Reopening the airport under what the FAA calls a “prior permission required” model, the Town will be able to impose and enforce restrictions limiting air traffic and noise. Under this model, the Town could prohibit certain aircraft, or certain commercial or private users, impose noise limits; and restrict takeoffs and landings at certain times of the day. In determining which aircraft could use the airport, the Town could also take into account certain environmental factors. Electric aircraft might be favored, for example, over those that use leaded aviation fuel. As the prior permission classification applies, those who wish to use the airport will first need clearance from the Town, and that permission could be granted, revised, or withdrawn. Should the restrictions allowed under this model not meet community needs, the Town could still opt to close the airport entirely.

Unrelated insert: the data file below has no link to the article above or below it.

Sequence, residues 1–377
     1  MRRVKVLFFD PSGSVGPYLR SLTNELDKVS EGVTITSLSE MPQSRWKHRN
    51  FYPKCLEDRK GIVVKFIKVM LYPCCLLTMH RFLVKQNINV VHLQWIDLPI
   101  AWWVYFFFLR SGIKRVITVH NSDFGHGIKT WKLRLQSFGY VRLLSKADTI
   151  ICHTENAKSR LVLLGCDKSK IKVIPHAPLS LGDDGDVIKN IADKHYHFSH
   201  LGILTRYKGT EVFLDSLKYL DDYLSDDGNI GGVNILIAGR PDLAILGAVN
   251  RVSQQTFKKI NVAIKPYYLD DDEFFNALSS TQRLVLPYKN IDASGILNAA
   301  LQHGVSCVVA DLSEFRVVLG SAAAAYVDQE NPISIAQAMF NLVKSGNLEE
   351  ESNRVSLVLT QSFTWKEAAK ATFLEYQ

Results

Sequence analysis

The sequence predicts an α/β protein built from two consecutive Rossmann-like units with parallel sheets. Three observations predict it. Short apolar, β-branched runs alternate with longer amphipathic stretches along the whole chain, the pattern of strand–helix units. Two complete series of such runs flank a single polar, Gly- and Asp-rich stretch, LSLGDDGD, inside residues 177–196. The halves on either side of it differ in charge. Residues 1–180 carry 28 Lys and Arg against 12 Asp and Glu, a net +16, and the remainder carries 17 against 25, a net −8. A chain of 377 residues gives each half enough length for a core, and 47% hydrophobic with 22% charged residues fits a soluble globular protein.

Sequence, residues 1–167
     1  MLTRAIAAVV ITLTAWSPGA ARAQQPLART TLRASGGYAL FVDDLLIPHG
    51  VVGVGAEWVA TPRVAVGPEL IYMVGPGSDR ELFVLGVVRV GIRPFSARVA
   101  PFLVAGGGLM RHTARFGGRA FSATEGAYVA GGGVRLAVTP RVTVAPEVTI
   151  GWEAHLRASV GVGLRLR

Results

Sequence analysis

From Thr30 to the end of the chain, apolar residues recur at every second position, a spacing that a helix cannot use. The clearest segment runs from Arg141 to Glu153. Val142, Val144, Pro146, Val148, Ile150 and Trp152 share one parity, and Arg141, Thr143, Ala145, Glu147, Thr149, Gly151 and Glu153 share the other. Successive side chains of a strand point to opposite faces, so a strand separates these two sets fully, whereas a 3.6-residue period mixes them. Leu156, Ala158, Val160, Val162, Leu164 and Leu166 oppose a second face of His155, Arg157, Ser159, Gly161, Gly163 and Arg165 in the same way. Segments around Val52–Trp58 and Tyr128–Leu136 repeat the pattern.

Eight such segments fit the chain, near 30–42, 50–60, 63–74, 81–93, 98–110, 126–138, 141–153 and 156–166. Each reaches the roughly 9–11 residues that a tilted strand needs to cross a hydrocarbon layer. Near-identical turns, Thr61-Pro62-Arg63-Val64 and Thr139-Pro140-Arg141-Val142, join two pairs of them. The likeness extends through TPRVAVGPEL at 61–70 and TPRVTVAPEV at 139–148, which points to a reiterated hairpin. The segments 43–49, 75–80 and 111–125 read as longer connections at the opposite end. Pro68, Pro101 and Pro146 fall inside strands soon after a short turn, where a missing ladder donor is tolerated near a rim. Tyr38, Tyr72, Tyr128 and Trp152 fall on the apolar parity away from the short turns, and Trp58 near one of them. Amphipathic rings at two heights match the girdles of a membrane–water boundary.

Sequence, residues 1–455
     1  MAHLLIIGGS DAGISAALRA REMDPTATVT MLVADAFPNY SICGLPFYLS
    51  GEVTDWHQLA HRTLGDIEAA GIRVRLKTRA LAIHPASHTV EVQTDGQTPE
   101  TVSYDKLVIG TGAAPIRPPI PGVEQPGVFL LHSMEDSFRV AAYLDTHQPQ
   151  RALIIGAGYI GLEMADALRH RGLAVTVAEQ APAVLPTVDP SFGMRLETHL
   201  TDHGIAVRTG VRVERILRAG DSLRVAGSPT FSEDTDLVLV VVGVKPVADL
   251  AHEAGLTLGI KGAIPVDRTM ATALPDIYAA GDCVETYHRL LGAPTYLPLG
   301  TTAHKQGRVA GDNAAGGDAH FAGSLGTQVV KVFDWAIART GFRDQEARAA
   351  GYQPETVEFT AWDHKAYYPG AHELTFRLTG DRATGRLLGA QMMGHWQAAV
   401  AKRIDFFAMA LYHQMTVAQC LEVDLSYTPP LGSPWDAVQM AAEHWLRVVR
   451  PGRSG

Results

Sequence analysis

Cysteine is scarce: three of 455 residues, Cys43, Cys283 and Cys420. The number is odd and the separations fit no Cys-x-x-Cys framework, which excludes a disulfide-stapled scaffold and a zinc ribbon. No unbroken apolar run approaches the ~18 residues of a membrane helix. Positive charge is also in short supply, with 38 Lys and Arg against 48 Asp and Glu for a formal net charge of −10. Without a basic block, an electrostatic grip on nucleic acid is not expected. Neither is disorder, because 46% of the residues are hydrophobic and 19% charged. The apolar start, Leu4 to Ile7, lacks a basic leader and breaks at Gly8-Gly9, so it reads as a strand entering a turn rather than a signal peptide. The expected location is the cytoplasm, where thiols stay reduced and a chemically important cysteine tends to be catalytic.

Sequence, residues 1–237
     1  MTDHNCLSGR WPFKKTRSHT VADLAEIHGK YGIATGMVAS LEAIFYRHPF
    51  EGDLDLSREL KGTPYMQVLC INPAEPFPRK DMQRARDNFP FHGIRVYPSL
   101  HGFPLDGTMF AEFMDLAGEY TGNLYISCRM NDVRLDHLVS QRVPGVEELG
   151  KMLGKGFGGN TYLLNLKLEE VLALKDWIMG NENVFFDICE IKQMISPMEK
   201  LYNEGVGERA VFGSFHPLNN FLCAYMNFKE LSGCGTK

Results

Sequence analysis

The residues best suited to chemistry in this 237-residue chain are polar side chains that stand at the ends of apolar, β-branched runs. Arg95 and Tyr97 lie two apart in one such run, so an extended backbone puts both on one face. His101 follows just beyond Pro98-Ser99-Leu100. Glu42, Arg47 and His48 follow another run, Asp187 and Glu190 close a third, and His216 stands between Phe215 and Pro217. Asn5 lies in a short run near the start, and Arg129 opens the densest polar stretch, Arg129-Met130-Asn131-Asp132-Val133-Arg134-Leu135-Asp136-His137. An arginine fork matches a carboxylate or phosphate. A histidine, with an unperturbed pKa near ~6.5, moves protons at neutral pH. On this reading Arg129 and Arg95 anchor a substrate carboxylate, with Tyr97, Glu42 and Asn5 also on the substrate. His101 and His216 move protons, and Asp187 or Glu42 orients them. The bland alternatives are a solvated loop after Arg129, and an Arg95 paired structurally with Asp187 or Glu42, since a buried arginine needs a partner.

Both the process and the result sound interesting and hopeful to noise impacted communities. But don’t jump to any conclusions.Continue Reading FAA Defies History by Approving the Closure of East Hampton Airport
In a June 19, 2020 Findings of Fact, Conclusions of Law, and Judgment (“Judgment”), the District Court of Jefferson County, Colorado, in Board of Commissioners of Adams County v. City and County of Denver, recounted in detail the expert testimony offered by Adams County, that fatally undercuts the traditional reliance by the City of Denver, operator of Denver International Airport (“DIA”), and airport operators in general, on “noise modeling” in place of “noise monitoring” to determine the impacts of the aircraft noise on surrounding communities.